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Retiring Business Professors Leave Lasting Legacy

Manning School Honors Stuart Freedman, Deborah Finch and Jack Wilson

People stand and applaud for a man who is sitting at a table Photo by Ed Brennen
Retiring Management Department Chair Stuart Freedman receives a standing ovation from his Manning School colleagues at the year-end faculty meeting at Saab ETIC.

By Ed Brennen

The Manning School of Business recently recognized three retiring faculty members with a combined 70 years of teaching, research and leadership at the university.

Management Department Chair Stuart Freedman was celebrated at the Manning School’s year-end faculty meeting, along with Assoc. Teaching Prof. Deborah Finch ’03, ’05, ’12 and UMass President Emeritus Jack Wilson ’19 (H), both from the Marketing, Entrepreneurship and Innovation (MEI) Department.

“Their influence on the school will last for decades,” said Dean of Business Sandra Richtermeyer. “We treasure having them as colleagues and we admire them as professors. They have impacted so many lives through their teaching and leadership.”

After earning a Ph.D. in organizational behavior from Cornell University, Freedman joined UMass Lowell in 1979. During his 43-year career in the Manning School, he spent more than two decades as management chair and was part of the team that helped the school achieve accreditation.

“If I had to build a career again, I would do the same thing,” said Freedman, who has taught courses in organizational behavior, leadership processes and more. “This has been a wonderful place to work. I’ve had a great group of colleagues who’ve got everything it takes to build not just a first-class department, but a first-class university.”

People stand and applaud for a man who is sitting at a table Photo by Ed Brennen
Retiring MEI Prof. Jack Wilson, president emeritus of the UMass system, receives a standing ovation from Manning School colleagues at Saab ETIC.
Originally from Hudson, N.H., Finch is a Triple River Hawk – she earned her bachelor’s in business administration in 2003, her MBA in 2005 and her doctorate of education in 2012. She  joined the Manning School as a lecturer in 2008 after spending more than three years as assistant director of UML’s K-12 Educational Outreach program.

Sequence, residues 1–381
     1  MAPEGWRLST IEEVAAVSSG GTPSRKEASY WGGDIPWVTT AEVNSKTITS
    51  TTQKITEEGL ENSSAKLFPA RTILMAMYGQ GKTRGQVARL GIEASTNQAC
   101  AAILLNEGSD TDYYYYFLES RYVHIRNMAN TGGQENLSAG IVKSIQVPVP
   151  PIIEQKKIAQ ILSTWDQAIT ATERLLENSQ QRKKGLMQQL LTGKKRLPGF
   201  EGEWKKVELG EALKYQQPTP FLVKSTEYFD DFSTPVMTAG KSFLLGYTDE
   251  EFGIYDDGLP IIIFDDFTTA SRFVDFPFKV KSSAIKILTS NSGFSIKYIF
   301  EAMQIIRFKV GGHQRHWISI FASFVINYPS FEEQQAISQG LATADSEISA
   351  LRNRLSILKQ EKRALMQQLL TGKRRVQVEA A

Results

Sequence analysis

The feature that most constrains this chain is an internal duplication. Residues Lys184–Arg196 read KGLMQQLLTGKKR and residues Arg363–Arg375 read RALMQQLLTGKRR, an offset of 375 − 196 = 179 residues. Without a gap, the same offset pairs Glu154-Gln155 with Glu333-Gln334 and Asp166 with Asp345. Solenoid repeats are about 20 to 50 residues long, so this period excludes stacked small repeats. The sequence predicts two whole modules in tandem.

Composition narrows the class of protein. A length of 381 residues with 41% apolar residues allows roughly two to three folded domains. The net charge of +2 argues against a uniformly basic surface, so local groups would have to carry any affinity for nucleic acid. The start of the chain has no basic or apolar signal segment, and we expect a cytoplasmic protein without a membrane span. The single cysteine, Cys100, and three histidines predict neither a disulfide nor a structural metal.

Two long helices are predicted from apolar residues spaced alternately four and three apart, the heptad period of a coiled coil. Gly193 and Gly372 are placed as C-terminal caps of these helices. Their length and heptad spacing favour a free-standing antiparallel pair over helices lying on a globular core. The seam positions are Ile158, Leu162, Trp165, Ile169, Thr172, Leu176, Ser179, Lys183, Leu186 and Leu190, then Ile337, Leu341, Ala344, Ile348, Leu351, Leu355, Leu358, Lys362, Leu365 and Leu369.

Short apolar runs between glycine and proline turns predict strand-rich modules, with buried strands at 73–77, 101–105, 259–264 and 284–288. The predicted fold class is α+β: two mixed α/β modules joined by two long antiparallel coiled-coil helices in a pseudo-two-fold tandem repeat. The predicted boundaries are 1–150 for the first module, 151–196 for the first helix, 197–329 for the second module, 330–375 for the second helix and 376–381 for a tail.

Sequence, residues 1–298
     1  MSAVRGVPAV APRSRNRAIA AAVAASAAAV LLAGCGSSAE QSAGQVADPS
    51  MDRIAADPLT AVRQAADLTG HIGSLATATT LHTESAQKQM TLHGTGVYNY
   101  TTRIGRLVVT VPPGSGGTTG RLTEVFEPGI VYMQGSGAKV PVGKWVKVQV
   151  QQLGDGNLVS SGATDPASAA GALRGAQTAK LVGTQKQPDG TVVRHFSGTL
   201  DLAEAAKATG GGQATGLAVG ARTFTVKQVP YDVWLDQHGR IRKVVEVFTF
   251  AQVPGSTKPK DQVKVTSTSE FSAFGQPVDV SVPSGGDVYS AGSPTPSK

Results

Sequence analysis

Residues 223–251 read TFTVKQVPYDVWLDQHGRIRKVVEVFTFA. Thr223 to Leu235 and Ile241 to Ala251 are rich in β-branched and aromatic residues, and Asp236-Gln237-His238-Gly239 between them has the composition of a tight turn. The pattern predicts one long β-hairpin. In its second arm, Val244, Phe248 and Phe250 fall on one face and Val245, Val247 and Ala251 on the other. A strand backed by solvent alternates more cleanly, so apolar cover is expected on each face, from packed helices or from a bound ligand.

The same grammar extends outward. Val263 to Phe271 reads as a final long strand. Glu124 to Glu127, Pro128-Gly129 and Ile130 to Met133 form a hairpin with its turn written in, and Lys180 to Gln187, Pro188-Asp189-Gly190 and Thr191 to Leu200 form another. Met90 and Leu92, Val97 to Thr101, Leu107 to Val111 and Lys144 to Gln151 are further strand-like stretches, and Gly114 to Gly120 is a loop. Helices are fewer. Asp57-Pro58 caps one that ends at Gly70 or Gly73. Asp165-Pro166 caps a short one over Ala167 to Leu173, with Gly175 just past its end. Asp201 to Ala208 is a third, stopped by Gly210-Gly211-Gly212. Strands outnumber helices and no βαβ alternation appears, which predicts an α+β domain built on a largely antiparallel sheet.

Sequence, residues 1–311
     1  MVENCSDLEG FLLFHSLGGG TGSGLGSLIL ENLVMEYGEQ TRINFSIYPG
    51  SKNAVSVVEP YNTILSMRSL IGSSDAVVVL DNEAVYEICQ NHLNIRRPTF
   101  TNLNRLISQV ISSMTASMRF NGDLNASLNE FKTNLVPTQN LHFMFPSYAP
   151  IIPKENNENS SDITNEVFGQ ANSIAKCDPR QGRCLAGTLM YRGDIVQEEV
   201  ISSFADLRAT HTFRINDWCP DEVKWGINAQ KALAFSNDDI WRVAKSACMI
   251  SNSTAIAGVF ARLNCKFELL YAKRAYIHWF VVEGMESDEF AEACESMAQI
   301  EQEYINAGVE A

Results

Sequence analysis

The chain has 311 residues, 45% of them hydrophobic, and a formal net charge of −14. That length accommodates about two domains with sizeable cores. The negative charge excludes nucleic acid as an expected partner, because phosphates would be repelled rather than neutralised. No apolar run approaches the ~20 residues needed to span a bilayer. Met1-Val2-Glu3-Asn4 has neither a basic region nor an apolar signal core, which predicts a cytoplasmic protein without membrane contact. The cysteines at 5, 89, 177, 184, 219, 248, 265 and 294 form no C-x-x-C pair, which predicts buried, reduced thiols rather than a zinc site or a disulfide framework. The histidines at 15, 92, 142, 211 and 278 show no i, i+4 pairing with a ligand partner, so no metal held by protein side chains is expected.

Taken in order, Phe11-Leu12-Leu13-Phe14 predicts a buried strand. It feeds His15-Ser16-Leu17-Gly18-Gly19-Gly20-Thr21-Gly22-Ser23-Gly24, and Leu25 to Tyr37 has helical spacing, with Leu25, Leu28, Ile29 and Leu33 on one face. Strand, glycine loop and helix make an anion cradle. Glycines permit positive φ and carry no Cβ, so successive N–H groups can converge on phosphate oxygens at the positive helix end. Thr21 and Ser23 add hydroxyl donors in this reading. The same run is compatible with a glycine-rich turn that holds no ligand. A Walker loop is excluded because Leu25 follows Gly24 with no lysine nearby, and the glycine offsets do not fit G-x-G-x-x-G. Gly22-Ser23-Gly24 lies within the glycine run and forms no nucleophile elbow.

In addition to helping create a Business 101 course for freshmen, Finch served as director of First-Year Experience for the Manning School, mentored business students in the Honors College, and was an advisor for the Business Innovation Living and Learning Community and a faculty fellow for the DifferenceMaker program. During the pandemic, she published a book on social media marketing for nonprofits. 

Finch earned 13 teaching awards over the past decade, including the 2018 Manning Prize for Excellence in Teaching and the 2018 Jacqueline F. Moloney Honors College Founder’s Award.

“She put her whole heart into teaching and mentoring our students,” said MEI Chair Yi Yang. “She tried to ensure that freshmen quickly adapted to college life and, more importantly, helped them develop into lifelong active learners with an entrepreneurial mindset.”

Wilson is a Distinguished Professor of Higher Education, Emerging Technologies, & Innovation. His academic career spans more than 50 years, starting when he was an assistant professor of physics at Kent State University in 1972. As a professor at Rensselaer Polytechnic Institute in 1993, he founded iLinc, a pioneering video conferencing software company.

A person cuts a cake that says "best wishes Deb, Jack and Stu" Photo by Ed Brennen
A Manning School staff member cuts a cake in honor of retiring faculty members Stuart Freedman, Jack Wilson and Deborah Finch.
After becoming the founding CEO of UMass Online in 2001, Wilson was named the 25th president of the UMass system in 2003, a position he held for eight years.

He joined UML in 2012, serving as interim dean of the Francis College of Engineering before becoming a member of the MEI faculty and creating the Jack M. Wilson Center for Entrepreneurship

“It feels good to be retiring, but it also feels a little daunting,” Wilson said. “I decided when I was 12 years old that I wanted to be a university professor. Next year, for the first time, I probably won’t be teaching students. I know I’m going to miss it a lot. I’m looking forward to spending more time with my family, but boy, am I going to miss the students.”

Assoc. Dean of Business Jennifer Percival was also recognized at the meeting. She has been named the new dean of the Schmidthorst College of Business at Bowling Green State University in Bowling Green, Ohio.